I’m not a yeller.

I can count the number of times I’ve raised my voice at work throughout my career on one hand. When I was 17, I yelled at the people I was supervising because they were messing around at the end of a long shift. That moment sticks with me to this day as an example of what a manager should NOT do to motivate a team.

There’s one other “loud” moment that’s still stuck in the back of my mind: the time I got into an argument with my boss about the color blue. I screamed “I don’t care if it’s the right blue” at work. It may sound ridiculous, but I still believe the confrontation was justified because I was standing up for one of my longest-held beliefs ...

It doesn’t have to be pretty. It just has to work.

Form vs utility: more exciting than Godzilla vs Kong!

Brand guidelines. Intricate layouts. Custom artwork. They’re all great and certainly have their place. But, they can also lead people to over-emphasize form: how something looks, sounds and/or feels to the user. In practice, form will always come in a distant second to utility: how useful something is to the user.

I know what you’re thinking, especially if you’re a designer: form impacts utility. If a person can’t properly read, hear, or view an object, how useful can it possibly be? You’re 100% correct. Great design can improve utility. Specifically, it can reduce cognitive load, thereby making a video easier to consume or a job aid easier to apply. Unfortunately, many form-related decisions are not made to enhance utility. Instead, they actually reduce utility in exchange for meaningless aesthetics and interactivity.

Form vs utility isn’t an L&D concept. You likely slam into this tradeoff every day. Have you ever tried to watch a YouTube video, but the graphics, music, and editing quickly became distracting? Have you clicked into a promising article only to get frustrated by the need to click NEXT over and over again to reveal content rather than simply scrolling to the end? Are you an Apple mouse owner who still can’t understand why the charging port is on the bottom of the device, rendering it useless when low on battery? (See Figure 1.)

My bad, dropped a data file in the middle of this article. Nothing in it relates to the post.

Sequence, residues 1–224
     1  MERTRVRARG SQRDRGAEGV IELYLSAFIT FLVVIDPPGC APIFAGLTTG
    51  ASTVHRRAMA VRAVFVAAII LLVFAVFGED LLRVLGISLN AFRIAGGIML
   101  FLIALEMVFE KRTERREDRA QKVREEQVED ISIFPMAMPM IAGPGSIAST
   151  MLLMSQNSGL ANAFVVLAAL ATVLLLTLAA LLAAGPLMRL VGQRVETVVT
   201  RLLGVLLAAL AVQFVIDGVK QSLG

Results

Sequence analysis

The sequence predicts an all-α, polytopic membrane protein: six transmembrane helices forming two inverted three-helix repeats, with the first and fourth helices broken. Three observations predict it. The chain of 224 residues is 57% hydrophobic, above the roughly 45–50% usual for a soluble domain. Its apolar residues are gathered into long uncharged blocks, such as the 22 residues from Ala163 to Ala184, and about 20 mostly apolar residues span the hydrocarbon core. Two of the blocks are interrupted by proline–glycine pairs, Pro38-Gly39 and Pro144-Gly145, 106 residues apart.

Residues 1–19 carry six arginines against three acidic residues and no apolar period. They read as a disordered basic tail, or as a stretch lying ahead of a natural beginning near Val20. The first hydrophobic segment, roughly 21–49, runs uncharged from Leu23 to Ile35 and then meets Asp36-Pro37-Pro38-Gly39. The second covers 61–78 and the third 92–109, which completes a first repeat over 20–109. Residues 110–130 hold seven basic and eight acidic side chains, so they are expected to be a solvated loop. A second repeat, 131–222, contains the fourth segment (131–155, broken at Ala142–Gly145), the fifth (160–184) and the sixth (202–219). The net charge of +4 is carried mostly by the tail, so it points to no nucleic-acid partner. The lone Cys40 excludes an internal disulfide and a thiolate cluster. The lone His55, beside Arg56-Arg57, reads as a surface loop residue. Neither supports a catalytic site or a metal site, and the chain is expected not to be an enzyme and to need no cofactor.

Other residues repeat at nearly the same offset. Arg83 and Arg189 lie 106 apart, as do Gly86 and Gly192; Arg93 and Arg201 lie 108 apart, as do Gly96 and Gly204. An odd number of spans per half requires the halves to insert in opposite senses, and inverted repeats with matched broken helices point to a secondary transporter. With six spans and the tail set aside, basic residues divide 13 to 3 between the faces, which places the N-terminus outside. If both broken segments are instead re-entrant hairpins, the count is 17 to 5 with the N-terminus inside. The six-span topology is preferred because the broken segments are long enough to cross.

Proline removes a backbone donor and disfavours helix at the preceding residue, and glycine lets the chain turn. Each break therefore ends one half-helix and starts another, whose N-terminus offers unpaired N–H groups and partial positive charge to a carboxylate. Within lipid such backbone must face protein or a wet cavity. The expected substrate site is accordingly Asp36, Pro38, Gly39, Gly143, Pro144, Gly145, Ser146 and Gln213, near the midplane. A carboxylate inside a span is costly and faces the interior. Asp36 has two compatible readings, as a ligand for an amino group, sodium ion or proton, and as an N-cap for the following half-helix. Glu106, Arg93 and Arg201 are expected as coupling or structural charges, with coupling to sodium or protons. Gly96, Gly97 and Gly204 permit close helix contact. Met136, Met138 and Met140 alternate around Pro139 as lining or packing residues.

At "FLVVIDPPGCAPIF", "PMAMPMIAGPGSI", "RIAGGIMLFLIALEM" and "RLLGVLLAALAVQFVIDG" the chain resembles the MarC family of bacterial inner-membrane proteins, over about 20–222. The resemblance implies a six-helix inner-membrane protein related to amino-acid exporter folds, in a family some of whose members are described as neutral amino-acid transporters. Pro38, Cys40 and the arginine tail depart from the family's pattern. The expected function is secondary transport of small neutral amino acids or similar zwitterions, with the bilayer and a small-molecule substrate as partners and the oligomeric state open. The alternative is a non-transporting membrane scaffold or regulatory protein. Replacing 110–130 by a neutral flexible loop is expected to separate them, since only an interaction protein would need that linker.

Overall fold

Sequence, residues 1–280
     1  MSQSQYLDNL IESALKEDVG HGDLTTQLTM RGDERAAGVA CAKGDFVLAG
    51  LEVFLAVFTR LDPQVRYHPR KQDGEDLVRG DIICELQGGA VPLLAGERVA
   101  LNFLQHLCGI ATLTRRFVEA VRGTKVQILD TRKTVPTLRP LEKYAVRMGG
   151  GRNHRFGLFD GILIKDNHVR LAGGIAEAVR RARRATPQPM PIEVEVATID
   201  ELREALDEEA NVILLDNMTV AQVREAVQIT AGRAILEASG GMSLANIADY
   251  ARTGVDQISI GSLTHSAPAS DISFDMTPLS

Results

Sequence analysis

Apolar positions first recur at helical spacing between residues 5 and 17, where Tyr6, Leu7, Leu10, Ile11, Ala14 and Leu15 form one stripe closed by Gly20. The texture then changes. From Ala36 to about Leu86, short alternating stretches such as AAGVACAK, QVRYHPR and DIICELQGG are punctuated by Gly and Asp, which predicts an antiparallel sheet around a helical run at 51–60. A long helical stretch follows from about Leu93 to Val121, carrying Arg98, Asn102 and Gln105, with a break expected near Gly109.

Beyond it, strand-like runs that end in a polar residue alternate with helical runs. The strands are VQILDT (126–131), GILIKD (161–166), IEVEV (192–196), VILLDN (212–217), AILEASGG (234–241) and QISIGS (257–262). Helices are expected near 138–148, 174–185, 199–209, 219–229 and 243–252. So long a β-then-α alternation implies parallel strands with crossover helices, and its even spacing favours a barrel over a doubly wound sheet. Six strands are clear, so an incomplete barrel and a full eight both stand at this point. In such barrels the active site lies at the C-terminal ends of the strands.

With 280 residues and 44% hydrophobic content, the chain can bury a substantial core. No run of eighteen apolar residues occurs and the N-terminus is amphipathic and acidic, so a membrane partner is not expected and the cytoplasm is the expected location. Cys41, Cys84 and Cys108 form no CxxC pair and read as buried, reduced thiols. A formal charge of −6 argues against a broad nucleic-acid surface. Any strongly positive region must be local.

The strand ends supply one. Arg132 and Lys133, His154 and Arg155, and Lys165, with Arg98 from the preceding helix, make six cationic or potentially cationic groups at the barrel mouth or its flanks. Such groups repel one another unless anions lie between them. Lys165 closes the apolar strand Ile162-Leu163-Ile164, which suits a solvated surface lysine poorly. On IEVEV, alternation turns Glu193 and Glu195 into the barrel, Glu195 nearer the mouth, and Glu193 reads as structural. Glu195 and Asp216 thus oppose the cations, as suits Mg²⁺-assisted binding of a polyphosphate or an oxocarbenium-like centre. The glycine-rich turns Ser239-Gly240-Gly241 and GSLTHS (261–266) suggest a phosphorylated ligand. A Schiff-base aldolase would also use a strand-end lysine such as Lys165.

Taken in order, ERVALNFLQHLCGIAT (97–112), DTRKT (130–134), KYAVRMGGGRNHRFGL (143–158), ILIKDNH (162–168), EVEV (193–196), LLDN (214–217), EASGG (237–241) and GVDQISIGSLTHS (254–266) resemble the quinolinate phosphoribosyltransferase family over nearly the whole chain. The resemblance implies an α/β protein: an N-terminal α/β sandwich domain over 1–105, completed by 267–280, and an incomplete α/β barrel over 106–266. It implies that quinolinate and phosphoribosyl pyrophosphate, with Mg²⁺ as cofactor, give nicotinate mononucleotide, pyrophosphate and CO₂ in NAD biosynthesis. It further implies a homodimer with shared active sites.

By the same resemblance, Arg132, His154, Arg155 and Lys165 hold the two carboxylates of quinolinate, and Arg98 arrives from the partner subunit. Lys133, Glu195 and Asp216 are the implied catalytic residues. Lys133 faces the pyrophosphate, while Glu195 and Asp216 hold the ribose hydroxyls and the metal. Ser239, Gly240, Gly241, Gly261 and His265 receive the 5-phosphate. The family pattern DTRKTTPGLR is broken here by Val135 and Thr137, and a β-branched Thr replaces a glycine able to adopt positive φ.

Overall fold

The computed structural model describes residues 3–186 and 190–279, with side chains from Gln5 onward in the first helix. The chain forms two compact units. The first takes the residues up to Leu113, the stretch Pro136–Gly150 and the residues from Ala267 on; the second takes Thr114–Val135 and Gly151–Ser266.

Why is the charging port here?

Figure 1: Why is the charging port here?

The frustrating impact of prioritizing form over utility hit home for me over a decade ago when I was forced to contend with “the template".

The slide template of doom

I’m not a fan of templates. I’m sorry. That’s not quite accurate. I HATE TEMPLATES!!! That’s better.

Templates are intended to help people with limited time, resources, and skill create better content. In practice, they make people force their information into unrelated, distracting visual and functional shells. Rather than put in the extra effort to figure out how to best convey a message, we default to the most related slide design. This is especially true when templates are mandated by an organization for brand purposes.

I faced this challenge in my first role as a content designer. Marketing mandated that every slide, including instructor-led training and eLearning, had to use the company template. I don’t have the actual image anymore because I mentally destroyed it in an imaginary dumpster fire. It looked something like Figure 2.

The company template

Figure 2: The company template

I then had to fit my information into the circular space in the middle of the slide. So, instead of a simple yet branded image like Figure 3